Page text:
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  1. #1

    '98 GP800 - How can I be sure everything is ok?

    Last summer, my '98 GP800 siezed. The front cylinder threw a rod, cracked the case, etc.

    After discussion on here, the case being cracked, my plan to run it completely stock (g/f's ski), etc, I opted to go with a SBT rebuild (yeah yeah yeah, not the point of this thread).

    I put it in 3 months ago or so, went to premix because I thought that could have contributed to the issue originally. Was running a tiny bit sluggish but I thought it was just because of the extra oil due to break-in, and because the carbs weren't tuned yet. Well the front cylinder seized again.

    I took apart the carbs (they were rebuilt just last year), and the front carb was a mess. There was no pop off pressure essentially. Rebuilt the carbs, pop offs all good now. I just got the SBT engine back, and put it in last night with carbs set to factory. Fired it up and it's running smooth again (smoother than it was the last time). I think I'm all good and fixed the troublesome carb, but how can I be absolutely sure all is well?

    Anyway I can test during this break in period if all is well? I can't do a plug chop or tach test since I'm still in the break in period. Help my newbie a** out.


  2. #2
    I keep a close eye on my piston wash!

  3. #3
    Quote Originally Posted by ZMANN View Post
    I keep a close eye on my piston wash!
    Thanks for your response ZMann, since it's an SBT engine, I obviously can't pull the head so I'll have to look at the piston wash through the spark plug holes.

    Sorry for the ignorant question, but since i'm in the break-in phase, and I am running 32:1 oil, should I expect to see regular piston wash? Or should I see a more lean condition (more oil, means less burnable fuel, which means leaner condition)? How long does it take for piston wash to develop? I've only idled the engine so far, and the pistons look "clean" still. Something to be worried about or will it take some running to notice the wash?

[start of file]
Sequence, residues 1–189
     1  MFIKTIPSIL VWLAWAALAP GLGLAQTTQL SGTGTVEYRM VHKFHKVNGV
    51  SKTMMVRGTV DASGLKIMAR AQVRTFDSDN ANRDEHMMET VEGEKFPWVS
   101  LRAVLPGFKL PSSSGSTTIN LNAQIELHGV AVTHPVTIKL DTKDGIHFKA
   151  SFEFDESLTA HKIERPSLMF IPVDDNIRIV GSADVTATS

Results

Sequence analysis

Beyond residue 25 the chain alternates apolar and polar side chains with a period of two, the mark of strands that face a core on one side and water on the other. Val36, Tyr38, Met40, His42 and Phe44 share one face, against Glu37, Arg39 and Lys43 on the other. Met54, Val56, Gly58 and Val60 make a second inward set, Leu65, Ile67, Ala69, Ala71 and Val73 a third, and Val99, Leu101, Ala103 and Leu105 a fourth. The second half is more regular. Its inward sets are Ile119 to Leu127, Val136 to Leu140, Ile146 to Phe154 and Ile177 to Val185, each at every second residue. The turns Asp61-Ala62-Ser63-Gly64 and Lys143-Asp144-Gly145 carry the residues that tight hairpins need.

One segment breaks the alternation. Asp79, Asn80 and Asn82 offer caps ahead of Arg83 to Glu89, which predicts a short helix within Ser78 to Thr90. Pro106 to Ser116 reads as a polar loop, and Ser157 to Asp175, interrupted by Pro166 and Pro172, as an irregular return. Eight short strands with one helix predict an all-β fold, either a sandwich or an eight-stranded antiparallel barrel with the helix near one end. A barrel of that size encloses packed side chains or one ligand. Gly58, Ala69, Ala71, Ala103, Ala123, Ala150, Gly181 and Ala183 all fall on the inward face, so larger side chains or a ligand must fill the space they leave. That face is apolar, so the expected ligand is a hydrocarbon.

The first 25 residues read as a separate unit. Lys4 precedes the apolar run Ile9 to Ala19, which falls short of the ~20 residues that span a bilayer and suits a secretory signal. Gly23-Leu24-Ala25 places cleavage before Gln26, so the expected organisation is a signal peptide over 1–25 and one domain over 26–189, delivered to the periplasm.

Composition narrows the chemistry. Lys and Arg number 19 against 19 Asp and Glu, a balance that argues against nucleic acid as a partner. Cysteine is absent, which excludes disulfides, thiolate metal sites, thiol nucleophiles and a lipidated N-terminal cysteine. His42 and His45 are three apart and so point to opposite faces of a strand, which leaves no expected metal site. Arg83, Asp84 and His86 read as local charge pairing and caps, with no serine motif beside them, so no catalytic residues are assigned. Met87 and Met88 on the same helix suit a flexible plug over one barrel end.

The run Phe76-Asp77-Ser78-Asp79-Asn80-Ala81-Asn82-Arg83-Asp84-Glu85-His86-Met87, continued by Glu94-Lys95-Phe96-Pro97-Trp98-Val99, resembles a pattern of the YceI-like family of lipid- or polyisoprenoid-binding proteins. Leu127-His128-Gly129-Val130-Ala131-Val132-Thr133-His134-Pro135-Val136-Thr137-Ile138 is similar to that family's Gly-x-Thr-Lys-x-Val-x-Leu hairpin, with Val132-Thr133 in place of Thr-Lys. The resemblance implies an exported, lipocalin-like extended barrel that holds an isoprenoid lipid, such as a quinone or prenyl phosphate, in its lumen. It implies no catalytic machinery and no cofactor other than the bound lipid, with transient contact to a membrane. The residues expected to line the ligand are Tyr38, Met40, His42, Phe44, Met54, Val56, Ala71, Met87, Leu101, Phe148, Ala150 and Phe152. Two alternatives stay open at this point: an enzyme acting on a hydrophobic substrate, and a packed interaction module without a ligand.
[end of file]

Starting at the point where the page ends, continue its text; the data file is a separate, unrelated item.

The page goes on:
4. #4
    jdog800's Avatar
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    A good way to see if the motor is being broke in correctly is to see what the compression is before its broke in.. then again after about 3 tanks of gas. you should gain a few pounds. If you lose compression then something is wrong.
    You can also monitor plug readings. (do a search to find a plug chart to diagnose different readings) This is not an exact science and it is subject to false readings...but it does give some indictation to whats going on.

  5. #5
    Quote Originally Posted by jdog800 View Post
    A good way to see if the motor is being broke in correctly is to see what the compression is before its broke in.. then again after about 3 tanks of gas. you should gain a few pounds. If you lose compression then something is wrong.
    You can also monitor plug readings. (do a search to find a plug chart to diagnose different readings) This is not an exact science and it is subject to false readings...but it does give some indictation to whats going on.
    Thanks JDog, I guess my fear since I've already siezed 2 engines is that I do damage during the break-in period. We'll see what happens this weekend when I go break it in.

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